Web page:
A Connected Community

Recently I was enjoying a beautiful New England weekend in Newport, Rhode Island.  After a day of touring the historical mansions, and a great seafood dinner, I went in search of Professor Nick Cerio’s dojo.  At the time of his passing in 2008, his dojo was in Warwick, RI. I had never been to his school before, but I was honored to have met the Professor at the Independent Karate School in the mid-90s.

 

The GPS brought me to what I believe is a graphic design company.  I later learned that after the Professor passed in 1998, his dojo carried on for a time before his successor moved moved and joined  Professor Bill Chun Jr.’s dojo.

As we transition from the Independent Karate School to the Independent Martial Arts School, it seems to me that we have a duty to both our heritage and our successors to stay connected.  (I don’t mean to cast aspersions on Sensei James or the Professor’s organization!) But it hit me that maybe a few years from now, a former student driving through Nashua on a Saturday morning might try to drop by the dojo for a visit.  It would be a loss if they drove by and wondered what might have become of the karate family they remembered.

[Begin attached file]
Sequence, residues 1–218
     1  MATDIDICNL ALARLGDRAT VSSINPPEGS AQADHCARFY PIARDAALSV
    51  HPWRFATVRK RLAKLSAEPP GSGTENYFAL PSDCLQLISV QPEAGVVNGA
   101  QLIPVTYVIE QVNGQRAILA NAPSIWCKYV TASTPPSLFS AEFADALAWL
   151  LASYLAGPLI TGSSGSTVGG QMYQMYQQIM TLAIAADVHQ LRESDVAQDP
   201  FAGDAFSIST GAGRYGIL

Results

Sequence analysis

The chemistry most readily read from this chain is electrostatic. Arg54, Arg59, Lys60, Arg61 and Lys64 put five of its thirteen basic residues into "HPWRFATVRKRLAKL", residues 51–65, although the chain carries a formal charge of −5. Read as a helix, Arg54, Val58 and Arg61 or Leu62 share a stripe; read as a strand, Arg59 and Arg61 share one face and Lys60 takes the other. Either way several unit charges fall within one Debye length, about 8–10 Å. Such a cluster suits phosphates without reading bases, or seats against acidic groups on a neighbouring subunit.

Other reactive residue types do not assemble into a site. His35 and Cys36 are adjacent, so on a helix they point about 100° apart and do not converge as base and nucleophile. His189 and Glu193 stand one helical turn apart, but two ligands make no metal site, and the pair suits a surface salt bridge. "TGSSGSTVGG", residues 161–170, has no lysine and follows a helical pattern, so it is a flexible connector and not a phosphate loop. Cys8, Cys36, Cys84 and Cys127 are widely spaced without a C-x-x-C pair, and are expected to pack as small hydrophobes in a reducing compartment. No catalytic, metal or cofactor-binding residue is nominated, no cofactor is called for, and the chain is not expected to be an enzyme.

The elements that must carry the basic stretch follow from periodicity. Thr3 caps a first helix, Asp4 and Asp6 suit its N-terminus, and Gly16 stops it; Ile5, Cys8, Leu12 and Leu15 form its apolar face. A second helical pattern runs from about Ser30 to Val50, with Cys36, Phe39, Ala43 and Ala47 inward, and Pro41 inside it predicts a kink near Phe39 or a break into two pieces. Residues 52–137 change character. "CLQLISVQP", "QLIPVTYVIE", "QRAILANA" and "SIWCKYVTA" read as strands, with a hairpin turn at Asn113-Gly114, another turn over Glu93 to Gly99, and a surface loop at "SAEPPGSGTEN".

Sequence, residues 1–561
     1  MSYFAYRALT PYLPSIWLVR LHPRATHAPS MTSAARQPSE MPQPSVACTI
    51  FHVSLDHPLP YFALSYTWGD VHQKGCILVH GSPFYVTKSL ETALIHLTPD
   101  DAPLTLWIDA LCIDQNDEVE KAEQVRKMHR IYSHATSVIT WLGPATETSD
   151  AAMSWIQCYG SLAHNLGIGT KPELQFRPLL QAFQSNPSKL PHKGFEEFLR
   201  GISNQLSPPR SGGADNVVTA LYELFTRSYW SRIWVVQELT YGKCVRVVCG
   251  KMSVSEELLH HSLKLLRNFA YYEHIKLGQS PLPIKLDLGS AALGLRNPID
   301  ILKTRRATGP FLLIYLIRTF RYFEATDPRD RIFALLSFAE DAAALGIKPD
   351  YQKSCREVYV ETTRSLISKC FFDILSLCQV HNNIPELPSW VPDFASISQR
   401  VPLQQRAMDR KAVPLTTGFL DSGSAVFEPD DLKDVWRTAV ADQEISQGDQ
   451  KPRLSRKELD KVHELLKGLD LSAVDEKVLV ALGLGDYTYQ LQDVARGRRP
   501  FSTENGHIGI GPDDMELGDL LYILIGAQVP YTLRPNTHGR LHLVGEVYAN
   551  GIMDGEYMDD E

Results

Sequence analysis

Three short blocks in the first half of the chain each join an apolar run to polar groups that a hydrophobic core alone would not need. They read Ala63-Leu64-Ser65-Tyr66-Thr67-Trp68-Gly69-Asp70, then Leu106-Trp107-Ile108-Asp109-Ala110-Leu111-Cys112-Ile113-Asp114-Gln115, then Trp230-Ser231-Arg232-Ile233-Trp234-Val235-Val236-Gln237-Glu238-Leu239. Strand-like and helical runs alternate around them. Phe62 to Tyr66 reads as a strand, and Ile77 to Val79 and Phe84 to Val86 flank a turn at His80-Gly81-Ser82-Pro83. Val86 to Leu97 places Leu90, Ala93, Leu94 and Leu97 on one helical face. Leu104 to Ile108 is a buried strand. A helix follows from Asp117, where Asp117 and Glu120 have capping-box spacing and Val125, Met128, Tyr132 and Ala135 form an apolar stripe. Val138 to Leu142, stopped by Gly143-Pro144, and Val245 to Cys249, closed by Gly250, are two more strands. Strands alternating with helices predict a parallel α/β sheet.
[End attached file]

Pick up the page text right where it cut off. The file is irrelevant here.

The martial arts are about more than self-defense.  Kenpo, Jiu Jitsu, and karate classes are the basis – but the real program was always taking the youth of southern New Hampshire, building their character through community service, self-discipline, and focusing on school. By maintaining an active presence on social media (Twitter: @imasnh.dojo / Instagram: imasnh.dojo / Facebook: imasnh.dojo), and by staying connected to our fellow black belts, students, and families through old fashioned face-to-face conversations whenever possible – we must stay close.  We must stay connected. I treasure my time training with the Professor for the brief time our paths crossed. And I have nothing but the highest respect for his organization. He was a critical cog in our history as a school, and his part in our lineage holds a place of honor. But I hope my future hypothetical black belt driving by the old IKS dojo can have fond memories of their time there as they set their GPS for our current dojo.


InsightsAdam Burpee